While experiencing wilderness in places like northern Minnesota’s Boundary Waters Canoe Area Wilderness (BWCAW), we leave the heavy strains and structure of civilization behind, the frantic complications of city life, and go beyond the reach of the cell phone’s ring and the highway’s whine, get out where the FedEx and UPS men won’t deliver.
Life is simpler and goals are pure out there. Get through the day, eat, stay warm and dry, sleep soundly. Luxury takes on new meaning: a hot cup of tea, a moment’s rest in the sun, a good book, a gentle breeze. Hiking, climbing, hunting, fishing, backpacking, canoeing, and all the other muscle-powered, quiet-use outdoor pursuits allow us to escape cities and civilization and experience the real, wild and natural, world.
They promote an increasingly elusive understanding of wilderness and give us the opportunity to assimilate its rhythms and time scales, to comprehend the life cycles it supports; the growth and decay of trees and plants, the flights of birds and butterflies, the migration of animals, the relentless stalking of predators; all the essentials of healthy, intact landscapes. They allow us to get back to the “rhythm of life.”
The Rhythm of Life
Minnesota Backcountry Hunter & Angler (BHA) co-chair Darrell Spencer knows what I’m talking about (i.e., escaping civilization and experiencing wilderness), having spent countless days and weeks canoeing and hunting in the BWCAW over the years. After one such trip, Darrell wrote: “Just got back from a 5-day solo trip with my dog in the Boundary Waters Canoe Area. It was fantastic: 60 miles and 37 portages. By day 3, all I could think about was working, eating, and sleeping. Back to the rhythm of life.”
Minnesota Deer Hunters Association (MDHA) executive director (and BHA member) Mark Johnson knows too. He shot his once-in-a-lifetime Minnesota bull moose in the Boundary Waters, and in the Winter 2009 issue of Whitetales, described some of the life-enriching benefits of backcountry hunting.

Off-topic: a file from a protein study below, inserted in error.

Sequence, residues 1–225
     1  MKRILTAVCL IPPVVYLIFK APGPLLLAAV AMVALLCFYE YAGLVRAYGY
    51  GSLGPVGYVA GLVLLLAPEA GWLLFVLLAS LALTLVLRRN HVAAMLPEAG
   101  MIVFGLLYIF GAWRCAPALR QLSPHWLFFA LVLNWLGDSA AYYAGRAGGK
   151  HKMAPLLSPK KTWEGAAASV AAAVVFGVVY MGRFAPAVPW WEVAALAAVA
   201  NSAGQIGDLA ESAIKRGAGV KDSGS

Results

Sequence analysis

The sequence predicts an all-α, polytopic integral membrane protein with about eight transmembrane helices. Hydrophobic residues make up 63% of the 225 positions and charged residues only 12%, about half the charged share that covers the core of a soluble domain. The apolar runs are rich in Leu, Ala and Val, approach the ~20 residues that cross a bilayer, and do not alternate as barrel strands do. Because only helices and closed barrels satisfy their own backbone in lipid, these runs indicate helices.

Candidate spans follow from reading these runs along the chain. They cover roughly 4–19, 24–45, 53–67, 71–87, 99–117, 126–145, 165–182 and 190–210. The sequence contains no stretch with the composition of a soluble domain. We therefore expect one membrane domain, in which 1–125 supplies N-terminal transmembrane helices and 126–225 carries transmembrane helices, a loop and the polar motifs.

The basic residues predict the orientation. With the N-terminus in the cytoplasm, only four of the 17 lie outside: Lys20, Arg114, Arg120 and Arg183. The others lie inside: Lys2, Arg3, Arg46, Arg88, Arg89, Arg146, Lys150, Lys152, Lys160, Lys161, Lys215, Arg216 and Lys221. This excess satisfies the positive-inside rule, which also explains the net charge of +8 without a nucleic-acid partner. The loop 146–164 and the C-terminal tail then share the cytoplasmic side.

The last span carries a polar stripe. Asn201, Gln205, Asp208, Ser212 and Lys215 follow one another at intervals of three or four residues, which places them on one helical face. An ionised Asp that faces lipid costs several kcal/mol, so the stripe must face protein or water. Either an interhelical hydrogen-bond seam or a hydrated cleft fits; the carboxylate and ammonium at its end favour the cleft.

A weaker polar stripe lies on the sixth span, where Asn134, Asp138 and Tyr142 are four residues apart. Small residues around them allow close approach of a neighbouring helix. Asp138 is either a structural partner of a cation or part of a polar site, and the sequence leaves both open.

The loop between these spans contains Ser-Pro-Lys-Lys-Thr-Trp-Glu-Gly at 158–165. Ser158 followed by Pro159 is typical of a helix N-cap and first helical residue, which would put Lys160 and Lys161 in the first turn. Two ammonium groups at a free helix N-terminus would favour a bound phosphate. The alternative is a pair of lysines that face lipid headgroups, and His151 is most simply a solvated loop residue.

Mark says that, “In today’s electronically connected society, wilderness is fully comprehended by few. Much, if not most, of the BWCAW has no cell coverage. In October, and definitely November, you will probably be the only one on the lake. Except for an occasional high flying plane, there is no sound of motors. The silence is deafening and disturbingly glorious.”
The late Minnesota conservationist Paul Gruchow adds: “The howl of a wolf, the cry of a loon, the lap of clean water against an untrammeled shore constitute the only common currency; to defend them is to labor in the most elementary way for the general good.” And the opportunity to hunt backcountry bucks in the BWCAW is part and parcel of this “general good.”
“There are many places where there are more deer, and most offer easier access and warmer quarters, but no region with whitetails offers more satisfaction and elbow room than the public forests of northeastern Minnesota,” observes American Hunter contributor Patrick Durkin. Long-time Ely resident and backcountry hunter Stuart Osthoff says, “I contend the BWCAW is the highest-quality public land wilderness whitetail hunting in America.”
Mark Johnson would seem to agree: “Wilderness typically does not hold the numbers of deer that intensively managed areas do. The redeeming factor is size, since in the BWCAW, with very low hunting pressure, bucks and bears get old and that means big. Imagine a deer weighing in excess of 300 lbs. Now you have the picture.”
Darrell Spencer’s thoughts, words, and deeds echo those of Patrick, Stuart, and Mark, because he’s been hunting big bucks in the BWCAW for years. On November 5, 2007, Darrell was hunting in a “top secret backcountry” location at about 9:00 a.m., stalking through a swamp with his trusty 1970s vintage Winchester .30-06, when he spied a buck and doe about 80 yards distant.